Liz just wrote us with an excellent question on cleaning her oven without harsh chemicals. She says:
I recently had a tart pan leak in my electric oven, and some stuff burned to the bottom of the oven. It smokes a bit and smells very burn-y. I want to clean it (it's not self-cleaning) but don't want to use harsh oven cleaners if I don't have to.
Do you know of any good, natural, home-made or low/non-toxic cleaning supplies or methods (other than good old elbow grease!) to clean this? Thanks for your help!
posted originally from: TheKitchn
Liz, this is a great question. We've also been wondering if there's a healthier way to clean our oven. This is also very timely for pie season (don't forget to always leave a cookie sheet underneath your bubbling fruit pies!).
We did a little research and found out that the same heroes of natural house cleaning apply to the oven too. Baking soda, vinegar, and lemon juice all figured prominently in natural solutions for a dirty oven. One cleaning method we read suggested making a strong paste out of baking soda and vinegar and applying it to your crusty oven. Leave it for an hour then wipe clean.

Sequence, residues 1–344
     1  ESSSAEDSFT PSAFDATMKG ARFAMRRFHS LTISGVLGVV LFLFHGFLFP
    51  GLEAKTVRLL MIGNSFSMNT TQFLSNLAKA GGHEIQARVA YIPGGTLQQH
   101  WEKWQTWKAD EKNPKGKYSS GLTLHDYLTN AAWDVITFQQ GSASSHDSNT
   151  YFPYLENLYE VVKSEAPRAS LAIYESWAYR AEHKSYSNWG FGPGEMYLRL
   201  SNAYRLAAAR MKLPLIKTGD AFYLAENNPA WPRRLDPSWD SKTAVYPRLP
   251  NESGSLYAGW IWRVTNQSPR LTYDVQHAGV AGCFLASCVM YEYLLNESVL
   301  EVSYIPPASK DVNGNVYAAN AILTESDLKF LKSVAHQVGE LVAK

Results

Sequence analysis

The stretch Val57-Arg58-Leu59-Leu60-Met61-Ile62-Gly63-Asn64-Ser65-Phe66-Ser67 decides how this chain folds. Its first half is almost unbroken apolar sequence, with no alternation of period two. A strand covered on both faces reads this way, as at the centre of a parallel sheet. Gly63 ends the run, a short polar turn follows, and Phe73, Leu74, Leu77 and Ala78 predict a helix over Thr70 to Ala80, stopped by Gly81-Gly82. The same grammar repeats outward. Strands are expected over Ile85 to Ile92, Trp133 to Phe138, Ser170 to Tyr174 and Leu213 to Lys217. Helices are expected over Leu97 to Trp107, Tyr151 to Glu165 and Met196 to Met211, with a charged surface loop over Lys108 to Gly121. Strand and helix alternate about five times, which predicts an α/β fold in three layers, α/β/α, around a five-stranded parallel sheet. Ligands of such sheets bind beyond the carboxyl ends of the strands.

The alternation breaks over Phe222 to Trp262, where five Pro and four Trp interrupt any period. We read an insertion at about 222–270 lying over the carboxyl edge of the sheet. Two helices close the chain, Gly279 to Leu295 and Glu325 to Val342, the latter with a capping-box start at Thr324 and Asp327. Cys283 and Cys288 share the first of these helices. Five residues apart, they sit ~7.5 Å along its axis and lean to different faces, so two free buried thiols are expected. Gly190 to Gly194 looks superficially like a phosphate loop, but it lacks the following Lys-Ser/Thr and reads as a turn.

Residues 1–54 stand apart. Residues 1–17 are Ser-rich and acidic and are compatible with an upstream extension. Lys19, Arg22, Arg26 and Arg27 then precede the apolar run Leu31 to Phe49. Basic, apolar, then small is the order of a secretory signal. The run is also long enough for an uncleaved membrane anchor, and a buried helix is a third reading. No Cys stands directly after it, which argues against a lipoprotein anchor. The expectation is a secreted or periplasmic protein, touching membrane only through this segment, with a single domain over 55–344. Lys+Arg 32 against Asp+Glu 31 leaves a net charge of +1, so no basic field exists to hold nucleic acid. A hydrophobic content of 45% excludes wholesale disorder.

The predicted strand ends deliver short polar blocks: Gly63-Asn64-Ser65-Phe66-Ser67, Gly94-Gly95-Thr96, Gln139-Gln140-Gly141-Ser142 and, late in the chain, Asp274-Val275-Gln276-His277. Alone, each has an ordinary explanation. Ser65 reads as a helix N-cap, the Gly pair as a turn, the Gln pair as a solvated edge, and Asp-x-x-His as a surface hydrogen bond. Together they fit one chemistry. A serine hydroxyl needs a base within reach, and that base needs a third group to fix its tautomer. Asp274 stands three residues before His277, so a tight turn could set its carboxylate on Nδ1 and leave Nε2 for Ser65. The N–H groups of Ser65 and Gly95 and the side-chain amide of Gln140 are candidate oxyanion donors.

If your oven is very bad, another slightly more toxic solution is to leave a bowl of ammonia in the oven all night. Remove and discard in the morning and scrub the oven.
You can find these and some more recipes for homemade oven cleaners here:
• Cleaning your oven safely
About.com also had a more intensive baking soda process that involves spraying baking soda with water to keep it wet and active over a period of several hours.
• Baking Soda in the Oven
You can also try Borax, Castile soap, and vinegar.
We haven't actually tried any of these yet but we will next time we need to clean our oven. How do you all clean your ovens, and do you use any of these natural methods? Which is the best?
Also, consider using an oven liner to minimize oven cleaning this holiday season.
Related: Survey: How Do You Clean Your Oven?
(Images: Vintage Woman's Day ad image by Flickr member lobstar28 and vinegar and baking soda image by Flickr member jilldoughtie, both licensed for use under Creative Commons)